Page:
Gus Curcio Sr. of Stratford is listed as Recycling Inc.’s president, vice president, secretary, treasurer and director.

The city’s Inland-Wetlands officer issued a permit extension to Recycling Inc. for its permit to operate within 100 feet of the Housatonic River. The original permit was issued April 7, 2010, and expired April 7, 2015. The extension moves the expiration date to April 7, 2019.

State Legal Proceedings

Janice Deshais, hearing officer for the DEEP, conducted a hearing in 2014 and issued a 45-page finding on Aug. 25, 2014, in which she recommended the DEEP revoke the permit for Recycling Inc. because the application did not identify Curcio as being associated with the company. DEEP regulations require that officers and stockholders be listed on a permit application.

The DEEP had concerns about Curcio’s involvement with the company, in part due to enforcement action it took against him and his son Gus Curcio Jr. for operating a waste processing facility at 990 Naugatuck Avenue in 2007 without a permit.

According to the DEEP hearing, Darlene Chapdelaine of Eastford prepared the application in 2008, and listed James Barrett as RCI’s stockholder and sole corporate officer, an application that he signed.

Chapdelaine operated the company from 2009 to 2012 under Curcio’s direction, while simultaneously asserting she was the sole owner. However, in 2012 Curcio took civil action and asserted his ownership of the company.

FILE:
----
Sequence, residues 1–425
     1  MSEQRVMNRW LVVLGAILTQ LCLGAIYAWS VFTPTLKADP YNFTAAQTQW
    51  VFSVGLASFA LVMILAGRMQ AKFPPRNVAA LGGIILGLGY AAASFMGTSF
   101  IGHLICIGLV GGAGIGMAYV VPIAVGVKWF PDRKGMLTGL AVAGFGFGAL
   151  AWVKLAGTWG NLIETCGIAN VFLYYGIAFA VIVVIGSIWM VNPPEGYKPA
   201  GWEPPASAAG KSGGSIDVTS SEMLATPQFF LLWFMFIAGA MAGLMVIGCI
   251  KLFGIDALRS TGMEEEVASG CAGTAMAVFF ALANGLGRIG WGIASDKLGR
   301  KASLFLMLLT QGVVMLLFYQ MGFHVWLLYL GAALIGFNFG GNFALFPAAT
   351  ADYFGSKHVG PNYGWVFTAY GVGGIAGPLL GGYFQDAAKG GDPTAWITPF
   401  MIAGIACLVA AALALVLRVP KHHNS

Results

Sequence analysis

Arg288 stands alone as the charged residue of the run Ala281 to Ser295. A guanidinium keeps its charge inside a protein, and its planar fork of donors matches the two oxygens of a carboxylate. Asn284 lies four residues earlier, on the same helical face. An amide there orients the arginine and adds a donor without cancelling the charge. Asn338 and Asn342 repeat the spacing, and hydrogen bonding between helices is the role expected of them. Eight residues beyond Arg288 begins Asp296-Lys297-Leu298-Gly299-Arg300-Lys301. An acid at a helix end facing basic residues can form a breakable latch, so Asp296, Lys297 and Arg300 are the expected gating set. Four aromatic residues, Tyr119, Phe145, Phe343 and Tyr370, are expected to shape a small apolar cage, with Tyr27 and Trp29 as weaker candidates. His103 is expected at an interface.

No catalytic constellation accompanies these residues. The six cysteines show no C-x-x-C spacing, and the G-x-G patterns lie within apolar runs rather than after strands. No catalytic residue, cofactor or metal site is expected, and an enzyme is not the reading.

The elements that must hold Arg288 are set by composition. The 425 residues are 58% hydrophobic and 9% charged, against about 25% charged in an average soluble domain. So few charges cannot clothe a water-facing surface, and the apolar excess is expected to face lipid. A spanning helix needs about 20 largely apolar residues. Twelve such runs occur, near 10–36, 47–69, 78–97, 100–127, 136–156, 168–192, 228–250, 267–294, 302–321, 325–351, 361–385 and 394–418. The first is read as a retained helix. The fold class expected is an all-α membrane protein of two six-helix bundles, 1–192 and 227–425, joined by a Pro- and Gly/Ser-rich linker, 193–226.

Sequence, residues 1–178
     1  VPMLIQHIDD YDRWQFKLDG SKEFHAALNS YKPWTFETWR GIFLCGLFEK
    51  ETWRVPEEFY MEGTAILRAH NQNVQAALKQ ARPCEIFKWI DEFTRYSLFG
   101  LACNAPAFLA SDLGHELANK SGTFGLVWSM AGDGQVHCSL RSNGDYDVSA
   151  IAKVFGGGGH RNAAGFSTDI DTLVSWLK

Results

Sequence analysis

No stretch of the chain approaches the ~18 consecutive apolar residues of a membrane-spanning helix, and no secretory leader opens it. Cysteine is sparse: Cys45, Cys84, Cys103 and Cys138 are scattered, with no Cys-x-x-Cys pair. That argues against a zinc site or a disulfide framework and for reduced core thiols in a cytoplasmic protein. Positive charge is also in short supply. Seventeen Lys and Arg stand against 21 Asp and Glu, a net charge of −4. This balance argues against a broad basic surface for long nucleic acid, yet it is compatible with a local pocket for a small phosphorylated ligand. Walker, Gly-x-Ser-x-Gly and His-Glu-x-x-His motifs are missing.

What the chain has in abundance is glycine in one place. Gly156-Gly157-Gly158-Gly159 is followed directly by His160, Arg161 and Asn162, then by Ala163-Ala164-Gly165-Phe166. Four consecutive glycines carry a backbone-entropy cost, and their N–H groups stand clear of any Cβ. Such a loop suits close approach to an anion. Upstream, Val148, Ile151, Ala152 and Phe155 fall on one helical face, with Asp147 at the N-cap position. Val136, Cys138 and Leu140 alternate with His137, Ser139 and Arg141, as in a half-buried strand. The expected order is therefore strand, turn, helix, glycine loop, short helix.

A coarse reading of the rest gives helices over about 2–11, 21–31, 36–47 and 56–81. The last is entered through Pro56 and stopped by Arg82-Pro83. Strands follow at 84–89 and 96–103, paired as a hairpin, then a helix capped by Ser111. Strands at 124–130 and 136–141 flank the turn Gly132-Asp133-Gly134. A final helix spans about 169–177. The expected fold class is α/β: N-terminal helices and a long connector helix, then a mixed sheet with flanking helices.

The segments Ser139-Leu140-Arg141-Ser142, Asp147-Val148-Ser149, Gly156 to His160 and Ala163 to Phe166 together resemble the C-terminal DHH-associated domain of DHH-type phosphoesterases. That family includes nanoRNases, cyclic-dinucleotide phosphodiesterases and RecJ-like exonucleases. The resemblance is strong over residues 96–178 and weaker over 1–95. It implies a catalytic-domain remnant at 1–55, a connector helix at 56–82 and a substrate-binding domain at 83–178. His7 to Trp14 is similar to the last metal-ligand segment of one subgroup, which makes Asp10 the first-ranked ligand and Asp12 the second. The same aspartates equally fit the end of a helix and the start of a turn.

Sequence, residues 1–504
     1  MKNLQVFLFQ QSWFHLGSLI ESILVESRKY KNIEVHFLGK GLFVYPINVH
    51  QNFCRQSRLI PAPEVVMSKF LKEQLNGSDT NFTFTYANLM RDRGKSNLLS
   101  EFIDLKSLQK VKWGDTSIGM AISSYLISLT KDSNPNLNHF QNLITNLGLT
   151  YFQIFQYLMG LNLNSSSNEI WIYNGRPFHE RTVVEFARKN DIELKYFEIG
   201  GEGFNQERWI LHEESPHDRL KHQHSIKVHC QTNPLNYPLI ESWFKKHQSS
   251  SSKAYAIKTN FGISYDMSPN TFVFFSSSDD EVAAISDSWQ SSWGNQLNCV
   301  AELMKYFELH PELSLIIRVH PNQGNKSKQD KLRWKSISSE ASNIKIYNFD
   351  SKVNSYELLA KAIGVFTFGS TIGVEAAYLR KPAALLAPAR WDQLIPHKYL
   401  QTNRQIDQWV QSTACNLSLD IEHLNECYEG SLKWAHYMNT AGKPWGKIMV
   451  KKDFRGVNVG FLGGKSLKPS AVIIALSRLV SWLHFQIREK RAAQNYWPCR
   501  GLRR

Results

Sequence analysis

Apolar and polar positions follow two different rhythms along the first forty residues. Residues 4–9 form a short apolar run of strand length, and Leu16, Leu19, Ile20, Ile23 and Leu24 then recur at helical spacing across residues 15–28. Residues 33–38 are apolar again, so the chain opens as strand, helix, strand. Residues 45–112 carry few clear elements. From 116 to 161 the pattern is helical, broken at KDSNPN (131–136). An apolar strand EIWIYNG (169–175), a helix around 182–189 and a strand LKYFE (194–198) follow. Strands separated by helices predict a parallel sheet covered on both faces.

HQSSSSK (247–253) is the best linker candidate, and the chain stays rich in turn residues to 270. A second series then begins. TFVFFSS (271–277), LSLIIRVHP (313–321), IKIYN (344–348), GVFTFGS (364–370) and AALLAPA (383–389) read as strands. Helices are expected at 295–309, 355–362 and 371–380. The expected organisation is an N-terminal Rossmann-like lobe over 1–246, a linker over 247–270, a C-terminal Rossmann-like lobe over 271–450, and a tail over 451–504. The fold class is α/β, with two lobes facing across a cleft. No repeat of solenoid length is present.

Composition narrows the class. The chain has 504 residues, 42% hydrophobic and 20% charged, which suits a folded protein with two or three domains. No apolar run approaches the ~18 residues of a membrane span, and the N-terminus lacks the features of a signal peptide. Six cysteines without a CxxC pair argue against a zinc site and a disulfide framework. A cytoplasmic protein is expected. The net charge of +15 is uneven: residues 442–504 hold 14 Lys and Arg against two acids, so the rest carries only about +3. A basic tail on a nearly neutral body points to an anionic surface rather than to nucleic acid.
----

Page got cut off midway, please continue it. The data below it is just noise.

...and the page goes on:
The DEEP contacted Chapdelaine in 2012, saying she was not filing quarterly reports in the time frame and detail required by the DEEP.

In the decision, Deshais wrote, “RCI’s myriad representations, falsehoods and inaccuracies, the histories of non-compliance of Curcio and RCI, including RCI’s failure to submit correct and complete quarterly reports, evidence a pattern or practice of non-compliance, which demonstrates RCI’s unwillingness or inability to achieve and maintain compliance with terms of a permit that might be issued and the terms of the existing general permit.”

Following an appeal from Recycling Inc., DEEP Deputy Commissioner Susan K. Whalen reviewed the evidence, and on Feb. 5, 2015 supported Deshais’ decision.

Whalen issued a final 16-page decision to deny Recycling Inc.’s permit application and revoke its general permit registration. In her report, Whalen wrote, “RCI submitted false, incomplete, and incorrect information in its permit application and in its application to register under the general permit.”

Whalen also wrote, “Regardless of his business title, Curcio Sr. was, as demonstrated by overwhelming evidence, a key player in RCI, and should have been identified based on this statute.”

Whalen indicated that Curcio was the sole financier of RCI, possessed ownership interest in the business, and was “significantly involved in the day-to-day operation and management of RCI.”

Recycling Inc. appealed Whalen’s decision to Superior Court on March 20, claiming Whalen acted in excess of the DEEP’s statutory authority.

The decision by Deshais may be read at http://www.ct.gov/deep/lib/deep/adjudica-tions/decisions_pdf/2014/082514RCIProposedFinalDecision.pdf

The decision by Whalen may be read at http://www.ct.gov/deep/lib/deep/adjudica-tions/decisions_pdf/2015/022615_RCI_Final_Decisionissuedatecorrected.pdf